The state of healthcare foodservice: Operational obstacles

Flexibility has been the name of the game for many in the last year.
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Procuring products has been a challenge for 71% of survey respondents this year, and many say they have had to think on their feet when planning menus. 

“We have simply been adaptable and willing to make changes quickly,” says Toni Watkins, system director of food and nutrition services at Riverside Healthcare System in Newport News, Va. “It’s been important to maintain weekly contact or more with our vendor. We also have a supply list that is updated daily and sent to us so that we are aware of what is not in stock.”

Having multiple distributors has helped combat procurement challenges for the foodservice team at Coburg Village in Rexford, N.Y. They have also been purchasing more “convenience items” that reduce the amount of labor required, says Dining Service Director Danielle Wagar.

Sixty-five percent of respondents also say rising costs have been an issue. At Bronson Battle Creek Hospital in Battle Creek, Mich., the dining team has sought to recoup lost profits through other revenue streams, such as take-home and carryout meals, says Executive Chef and Director of Food and Nutrition John Fear. 

Feeding the community, not the landfill 

While many survey respondents (63%) say that they have paused sustainability initiatives during the pandemic, some have worked with community partners to help cut food waste. 

At Cooley Dickinson Hospital in Northampton, Mass., the foodservice team partnered with a local business that picked up leftover food and delivered it to shelters. “We bring it to the loading dock, and they don't have to enter the building,” says Executive Chef Gary Weiss. At Bronson Battle Creek Hospital, a local partner has provided composting services: “We compost all of our organic waste with a local produce hub who, in turn, sells us produce,” says Fear.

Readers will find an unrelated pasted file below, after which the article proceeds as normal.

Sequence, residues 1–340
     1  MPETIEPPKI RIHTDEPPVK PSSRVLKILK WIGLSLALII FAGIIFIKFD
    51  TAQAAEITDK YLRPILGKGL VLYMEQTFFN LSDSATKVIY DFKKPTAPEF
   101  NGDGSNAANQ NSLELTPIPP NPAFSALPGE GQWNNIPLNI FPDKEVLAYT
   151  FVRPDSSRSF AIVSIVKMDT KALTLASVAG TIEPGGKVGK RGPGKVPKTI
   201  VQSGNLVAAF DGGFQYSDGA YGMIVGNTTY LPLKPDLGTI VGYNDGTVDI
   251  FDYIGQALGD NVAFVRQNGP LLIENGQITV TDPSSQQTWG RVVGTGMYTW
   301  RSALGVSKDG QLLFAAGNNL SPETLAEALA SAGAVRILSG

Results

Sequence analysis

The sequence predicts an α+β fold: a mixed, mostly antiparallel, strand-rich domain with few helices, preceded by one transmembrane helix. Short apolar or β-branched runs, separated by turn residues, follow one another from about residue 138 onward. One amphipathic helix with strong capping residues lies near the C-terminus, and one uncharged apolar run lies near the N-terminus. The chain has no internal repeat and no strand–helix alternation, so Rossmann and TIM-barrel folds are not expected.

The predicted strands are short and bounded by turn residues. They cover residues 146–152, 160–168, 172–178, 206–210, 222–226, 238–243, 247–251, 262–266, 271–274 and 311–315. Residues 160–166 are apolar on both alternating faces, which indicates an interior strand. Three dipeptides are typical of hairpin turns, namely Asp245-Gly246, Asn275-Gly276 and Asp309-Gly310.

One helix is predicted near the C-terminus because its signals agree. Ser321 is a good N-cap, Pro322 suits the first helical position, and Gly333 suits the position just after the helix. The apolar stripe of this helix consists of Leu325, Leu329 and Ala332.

Several respondents also say that they are allowing staff to take uneaten food. 

“We have begun ordering in advance so the kitchen knows how much of each meal to prepare so there is less waste at each,” says Brad Fassett, director of dining services for Martin and Edith Stein Assisted Living in Somerset, N.J. “Staff at are also free to eat any leftovers from meals.” 

So long, salad bar

With self-service on hold, operators found new ways to utilize salad bars that would otherwise be sitting idle. Several survey respondents transformed their bars into make-your-own-salad stations where staff assemble salads for guests in front of them. At Logan County Hospital in Oakley, Kan., guests can customize their own 32 oz. salad bowls with toppings. “We have [guests] ask for the items they want from behind Plexiglass so that no one handles the food or tongs except dietary staff,” says Dietary Director Heather Huffman.

Others have turned their salad bars into additional grab-and-go spaces. “[We] filled this area with more pre-made salads and sandwiches and grab-and-go items,” says Rose Taylor, supervisor at Franciscan Health Michigan City in Michigan City, Ind.

And for many, these sorts of changes are here to stay. “Self service areas have been abolished for me, and most likely will be in the future,” says Robert Ivey, dining director and chef at Meadows of Forks in Easton, Pa. 

The salad bar at Concordia Village in Springfield, Ill. will also not be returning. “We will never open it again, and we are pondering on ways to use it or get rid of it and use the space differently,” says Director of Dining Services Stephane Perrin. 

In addition, expanded grab-and-go offerings will stick around, some survey respondents say. “Grab-and-go will continue to be a viable option, since it is a labor saver on the back end,” says Paula Cantu, director of food and nutrition at North Arkansas Regional Medical Center in Harrison, Ark. 



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